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A final surprise for the year

There is a general feeling I get from commentary, investors and the market itself that we all want 2014 to finish now, locking in the gains we’ve seen this year.

Markets
Source: Bloomberg

The reason most want 2014 over is the surprise trading that has arisen over the year, which has given the market a general sense of unease.

Yet equities continue to grind on as the S&P made another record high last week, finishing the week just slightly below at 2039.8. The DOW remains within reach of its record highs, while European and Asian indexes fluctuate on domestic drivers and currency trades but remain mostly in the green in the year to date.

The unease comes from commodity bust ups and macro themes. For example, no one was predicting a collapse in the oil price and that has certainly caught most off guard – the inability of OPEC to coordinate has seen the price in free fall. The production war in iron ore is also at its pinnacle, which is driving down prices and squeezing junior players to breaking point, in turn making the cyclical spaces very unpredictable. Value in the energy and material spaces has be created and lost in days and weeks on bottom-up and top-down news, something that is unlikely to slow down in the remaining six weeks of the year. The slide in both oil and iron ore is not over yet.

What also created uncertainty in 2014 was the high-growth sell-off in mid-March. Boosted-up high-growths plays saw the fast money from six years of QE move out on rate expectations as the program ended. As the macro theme developed, investors began to question fundamental valuations that had reached three figures and the astronomical returns required to back pricing.

The market revisited this theme in late September and early October (which, I might add, has now been completely retraced in the US). Volatility and trade (excluding the extreme events of 2009, 2010 and 2011) were at a 10-year high. That sort of trade remains only a flash point away, which may either be either a macro policy change or fundamental value topping out.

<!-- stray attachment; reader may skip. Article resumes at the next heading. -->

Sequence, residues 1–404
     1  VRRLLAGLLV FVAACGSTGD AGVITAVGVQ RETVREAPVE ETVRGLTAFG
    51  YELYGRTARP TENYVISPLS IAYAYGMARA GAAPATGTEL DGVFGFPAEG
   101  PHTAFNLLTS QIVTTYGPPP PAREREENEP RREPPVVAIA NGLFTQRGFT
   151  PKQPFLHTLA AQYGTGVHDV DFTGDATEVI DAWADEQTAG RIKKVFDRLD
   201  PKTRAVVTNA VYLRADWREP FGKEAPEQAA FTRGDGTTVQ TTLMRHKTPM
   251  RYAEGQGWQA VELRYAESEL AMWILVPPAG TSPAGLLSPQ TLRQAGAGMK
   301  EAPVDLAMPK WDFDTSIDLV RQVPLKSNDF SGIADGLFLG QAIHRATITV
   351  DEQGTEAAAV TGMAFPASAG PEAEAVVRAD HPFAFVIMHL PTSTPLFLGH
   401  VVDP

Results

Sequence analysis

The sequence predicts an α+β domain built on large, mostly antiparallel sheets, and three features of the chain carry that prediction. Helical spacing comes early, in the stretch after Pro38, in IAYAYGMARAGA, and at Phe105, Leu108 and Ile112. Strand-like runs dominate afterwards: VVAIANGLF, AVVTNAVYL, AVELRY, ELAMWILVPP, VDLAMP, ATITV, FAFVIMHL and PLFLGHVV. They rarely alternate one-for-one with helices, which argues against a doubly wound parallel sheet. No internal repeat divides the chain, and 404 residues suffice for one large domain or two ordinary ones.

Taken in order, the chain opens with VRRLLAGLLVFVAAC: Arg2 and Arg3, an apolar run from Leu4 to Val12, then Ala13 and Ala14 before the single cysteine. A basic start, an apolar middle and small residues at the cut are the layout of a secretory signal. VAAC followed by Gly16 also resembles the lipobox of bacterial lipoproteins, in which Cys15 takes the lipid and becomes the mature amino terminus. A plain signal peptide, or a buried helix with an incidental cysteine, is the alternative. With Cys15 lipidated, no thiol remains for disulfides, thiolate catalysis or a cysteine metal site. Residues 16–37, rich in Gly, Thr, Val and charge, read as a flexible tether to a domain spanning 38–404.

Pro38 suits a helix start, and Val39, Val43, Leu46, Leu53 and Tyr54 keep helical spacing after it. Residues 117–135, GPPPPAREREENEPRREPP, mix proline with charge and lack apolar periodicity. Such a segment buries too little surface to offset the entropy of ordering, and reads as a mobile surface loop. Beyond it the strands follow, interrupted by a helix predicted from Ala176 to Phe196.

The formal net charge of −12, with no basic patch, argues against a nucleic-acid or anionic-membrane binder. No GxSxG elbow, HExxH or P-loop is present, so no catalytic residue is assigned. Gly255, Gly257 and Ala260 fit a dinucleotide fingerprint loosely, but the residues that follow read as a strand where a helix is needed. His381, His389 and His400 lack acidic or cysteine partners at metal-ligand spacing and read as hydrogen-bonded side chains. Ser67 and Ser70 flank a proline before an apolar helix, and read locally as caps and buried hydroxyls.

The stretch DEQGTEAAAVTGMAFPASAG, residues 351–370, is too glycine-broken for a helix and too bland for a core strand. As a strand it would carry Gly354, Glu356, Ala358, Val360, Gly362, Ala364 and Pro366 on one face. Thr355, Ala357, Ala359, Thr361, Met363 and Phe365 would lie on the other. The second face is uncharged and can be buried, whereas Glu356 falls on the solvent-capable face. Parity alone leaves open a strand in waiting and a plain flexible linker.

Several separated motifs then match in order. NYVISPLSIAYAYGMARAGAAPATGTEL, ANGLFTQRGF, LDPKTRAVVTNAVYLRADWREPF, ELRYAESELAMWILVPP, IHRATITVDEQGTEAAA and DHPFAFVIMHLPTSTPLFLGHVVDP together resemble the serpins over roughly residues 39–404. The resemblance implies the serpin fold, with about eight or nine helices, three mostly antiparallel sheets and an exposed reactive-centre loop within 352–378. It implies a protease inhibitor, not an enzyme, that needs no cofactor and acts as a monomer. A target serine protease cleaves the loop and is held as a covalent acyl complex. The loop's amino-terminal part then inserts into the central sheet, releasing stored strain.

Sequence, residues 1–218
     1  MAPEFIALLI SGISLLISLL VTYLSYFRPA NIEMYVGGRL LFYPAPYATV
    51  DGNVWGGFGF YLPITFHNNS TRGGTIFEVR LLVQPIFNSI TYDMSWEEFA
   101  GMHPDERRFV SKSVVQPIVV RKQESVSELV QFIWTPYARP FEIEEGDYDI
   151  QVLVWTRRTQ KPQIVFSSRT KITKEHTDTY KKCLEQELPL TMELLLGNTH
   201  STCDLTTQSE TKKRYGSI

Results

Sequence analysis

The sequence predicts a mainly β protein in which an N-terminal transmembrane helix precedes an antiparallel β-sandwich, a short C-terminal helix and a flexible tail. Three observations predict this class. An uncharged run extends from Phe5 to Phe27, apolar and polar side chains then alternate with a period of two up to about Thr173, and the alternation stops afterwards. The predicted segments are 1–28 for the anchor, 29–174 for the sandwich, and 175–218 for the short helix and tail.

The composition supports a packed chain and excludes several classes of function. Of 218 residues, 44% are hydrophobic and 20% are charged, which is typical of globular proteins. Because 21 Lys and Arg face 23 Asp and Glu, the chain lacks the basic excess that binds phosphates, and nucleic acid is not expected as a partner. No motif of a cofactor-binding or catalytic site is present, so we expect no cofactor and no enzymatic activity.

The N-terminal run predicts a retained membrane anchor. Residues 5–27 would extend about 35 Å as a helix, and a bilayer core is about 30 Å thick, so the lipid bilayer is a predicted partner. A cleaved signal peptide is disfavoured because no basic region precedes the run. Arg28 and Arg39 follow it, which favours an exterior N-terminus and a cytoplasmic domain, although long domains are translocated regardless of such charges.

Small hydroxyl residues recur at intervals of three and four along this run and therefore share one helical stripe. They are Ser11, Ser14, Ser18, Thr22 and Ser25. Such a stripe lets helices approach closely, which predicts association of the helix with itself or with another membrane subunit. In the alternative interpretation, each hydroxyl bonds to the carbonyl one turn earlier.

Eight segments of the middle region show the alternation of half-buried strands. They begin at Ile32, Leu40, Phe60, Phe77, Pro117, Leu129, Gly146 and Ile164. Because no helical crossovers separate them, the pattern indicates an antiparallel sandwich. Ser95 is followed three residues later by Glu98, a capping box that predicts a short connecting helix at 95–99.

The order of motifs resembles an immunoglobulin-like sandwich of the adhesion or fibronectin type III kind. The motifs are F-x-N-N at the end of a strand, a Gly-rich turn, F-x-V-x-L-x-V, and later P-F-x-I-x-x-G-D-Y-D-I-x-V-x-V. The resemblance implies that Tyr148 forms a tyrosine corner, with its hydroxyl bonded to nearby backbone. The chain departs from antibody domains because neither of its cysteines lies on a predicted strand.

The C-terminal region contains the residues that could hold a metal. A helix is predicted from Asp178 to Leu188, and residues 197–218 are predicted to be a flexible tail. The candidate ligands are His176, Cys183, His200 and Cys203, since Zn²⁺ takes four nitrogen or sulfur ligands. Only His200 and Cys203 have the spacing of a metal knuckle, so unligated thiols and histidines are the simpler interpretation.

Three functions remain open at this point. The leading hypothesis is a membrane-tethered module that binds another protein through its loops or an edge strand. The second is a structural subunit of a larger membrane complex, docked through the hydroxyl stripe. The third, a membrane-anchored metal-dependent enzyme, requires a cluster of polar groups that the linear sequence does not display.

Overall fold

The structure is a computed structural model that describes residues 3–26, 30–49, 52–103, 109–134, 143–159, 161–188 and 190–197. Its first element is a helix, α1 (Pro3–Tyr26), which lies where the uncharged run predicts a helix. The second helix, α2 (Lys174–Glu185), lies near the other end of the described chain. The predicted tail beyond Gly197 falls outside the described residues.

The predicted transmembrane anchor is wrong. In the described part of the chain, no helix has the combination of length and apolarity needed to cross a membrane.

I still believe 2014 will have one more surprise in store before the books are closed. Considering the S&P is currently trading on 17 times earnings and edging higher still on little or no news, the final disturbance is likely to come as the ‘bright spot’ in the world economy touches its full value.

Ahead of the Asian open

Today is a very big day for Asia. The Hong Kong Shanghai Shares Connect program opens for business this morning, creating the second-largest exchange in the world – this is likely to see a massive increase in fund flows to the region. There may be a few teething issues in the first week as the system sees above-normal trading volumes hit the books, so be aware there may be the odd random trade move. However, this is a very positive step forward and the value creation from this program is almost unquantifiable in the long term.

The other major news in Asia today (and likely this week) is Japan’s GDP and the outcomes from it. The year-on-year estimates are for 2.1%,and 0.5% quarter-on-quarter. This slightly higher growth print is unlikely to be enough to hold off the Abe government postponing the proposed consumption tax increase due in October 2015.

The final meeting of the panel examining consumption tax is due tomorrow, where I suspect it will conclude this is the right course of action, intensifying the media speculation that a snap election will be held on either Sunday 14 December or Sunday 21December. Japanese media has widely reported that the Shinzo Abe government could dissolve the Lower House and call a snap election by year-end. Despite several ministers denying this fact, the political news coming out of Japan makes it seem that this scenario is very likely. I believe it will be announced this week.

Based on the close of the futures market on Saturday, we are calling the Australian market up 10 points to 546, having logged its first print in the red in for four weeks. I suspect the ASX will bob about this week, as energy and materials look to find support, while the banks continue to trade ex-dividend and an overlay of concern about the housing market is reported in the press.

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